Plotting out the final episodes in a drama which led to the downfall of empire-building chairman Jean-Marie Messier in July, the board will ponder a rescue strategy forged by new CEO Jean-Rene Fourtou for the worlds second largest media group.
Faced with a staggering 20 billion euro ($19.65 billion) debt, Mr Fourtou will try to bury Mr Messiers legacy of overexpansion and appease the banks which dragged Vivendi back from the brink of collapse by refocusing on media content and cash-generating telecoms interests in France, sources close to the company said.
In a statement before the market opened, Vivendi said its Canal Plus pay-television division had sold its 89 per cent stake in its technology unit to French consumer electronics company Thomson Multimedia for 190 million euros in cash.
Shares in Vivendi, which had already said it plans to refocus Canal Plus on cable and satellite TV before selling new shares in it next year, opened slightly weaker before flitting higher to stand up 1.50 per cent at 12.15 euros.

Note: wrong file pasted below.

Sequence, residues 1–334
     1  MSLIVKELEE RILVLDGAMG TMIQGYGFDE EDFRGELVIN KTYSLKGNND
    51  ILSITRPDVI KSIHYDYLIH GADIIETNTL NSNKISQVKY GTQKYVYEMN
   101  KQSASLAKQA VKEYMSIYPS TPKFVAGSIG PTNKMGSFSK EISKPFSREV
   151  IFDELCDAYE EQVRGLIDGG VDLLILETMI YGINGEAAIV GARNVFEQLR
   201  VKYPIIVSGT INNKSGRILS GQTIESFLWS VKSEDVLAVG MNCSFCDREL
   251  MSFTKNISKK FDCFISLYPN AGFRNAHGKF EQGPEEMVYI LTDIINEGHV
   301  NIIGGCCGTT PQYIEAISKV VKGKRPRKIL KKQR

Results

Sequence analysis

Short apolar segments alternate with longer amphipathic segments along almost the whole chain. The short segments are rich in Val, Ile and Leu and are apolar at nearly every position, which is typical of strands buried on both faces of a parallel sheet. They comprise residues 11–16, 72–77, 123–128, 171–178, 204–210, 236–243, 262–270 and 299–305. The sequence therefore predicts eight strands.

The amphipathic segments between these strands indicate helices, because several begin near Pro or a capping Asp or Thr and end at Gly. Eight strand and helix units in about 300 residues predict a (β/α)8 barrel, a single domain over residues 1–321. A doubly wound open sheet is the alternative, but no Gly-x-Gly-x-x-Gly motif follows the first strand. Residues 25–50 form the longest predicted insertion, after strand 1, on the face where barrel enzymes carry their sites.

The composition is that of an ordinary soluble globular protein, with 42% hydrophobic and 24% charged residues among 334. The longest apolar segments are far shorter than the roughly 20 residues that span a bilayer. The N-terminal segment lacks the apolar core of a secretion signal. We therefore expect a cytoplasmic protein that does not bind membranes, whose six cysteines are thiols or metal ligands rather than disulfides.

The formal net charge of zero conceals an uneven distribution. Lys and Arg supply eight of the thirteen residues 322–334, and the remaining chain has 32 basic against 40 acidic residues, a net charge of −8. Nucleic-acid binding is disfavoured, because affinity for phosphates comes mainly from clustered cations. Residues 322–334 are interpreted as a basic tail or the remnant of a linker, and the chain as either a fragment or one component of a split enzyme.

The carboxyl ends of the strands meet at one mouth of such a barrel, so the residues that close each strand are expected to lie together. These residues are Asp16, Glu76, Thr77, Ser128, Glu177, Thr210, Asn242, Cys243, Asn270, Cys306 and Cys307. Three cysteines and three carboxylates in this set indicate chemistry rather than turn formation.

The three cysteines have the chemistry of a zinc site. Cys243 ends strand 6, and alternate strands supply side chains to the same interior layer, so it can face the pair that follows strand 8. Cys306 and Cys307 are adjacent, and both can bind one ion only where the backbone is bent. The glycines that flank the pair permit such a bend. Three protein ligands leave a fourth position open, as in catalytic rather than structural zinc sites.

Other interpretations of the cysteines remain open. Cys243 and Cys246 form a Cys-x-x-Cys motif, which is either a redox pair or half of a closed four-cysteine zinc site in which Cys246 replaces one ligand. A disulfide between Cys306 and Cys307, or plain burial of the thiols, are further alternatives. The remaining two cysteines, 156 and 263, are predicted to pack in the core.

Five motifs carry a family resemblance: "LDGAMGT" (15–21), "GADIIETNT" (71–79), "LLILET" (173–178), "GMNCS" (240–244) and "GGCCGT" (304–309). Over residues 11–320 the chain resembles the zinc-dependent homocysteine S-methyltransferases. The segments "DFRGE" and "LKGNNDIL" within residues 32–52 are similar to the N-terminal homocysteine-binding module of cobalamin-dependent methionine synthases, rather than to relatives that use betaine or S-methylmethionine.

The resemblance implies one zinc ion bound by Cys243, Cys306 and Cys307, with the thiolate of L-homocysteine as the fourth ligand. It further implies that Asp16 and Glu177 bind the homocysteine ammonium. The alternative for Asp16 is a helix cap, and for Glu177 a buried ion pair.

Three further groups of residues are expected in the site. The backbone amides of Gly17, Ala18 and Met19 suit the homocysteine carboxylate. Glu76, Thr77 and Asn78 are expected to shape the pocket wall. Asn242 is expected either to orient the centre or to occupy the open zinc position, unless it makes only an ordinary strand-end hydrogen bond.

The market had largely anticipated this sale and its really a drop of water in the ocean for Vivendi. Everybodys waiting for the big sweep out later today, one trader said.
The stock, which has tumbled 80 per cent since the start of the year, remained jittery ahead of a news conference in Paris where further asset sales are expected to be announced.
Mr Fourtou, who had ruled out the sale of Vivendis 41 per cent stake in utility arm Vivendi Environnement when he took power in July, now looks set to surrender the stake to help raise cash. But he is seen likely to keep prize media assets such as Universal films and music, which Mr Messier bought from the Seagram drinks empire at the height of the new economy boom in 2000.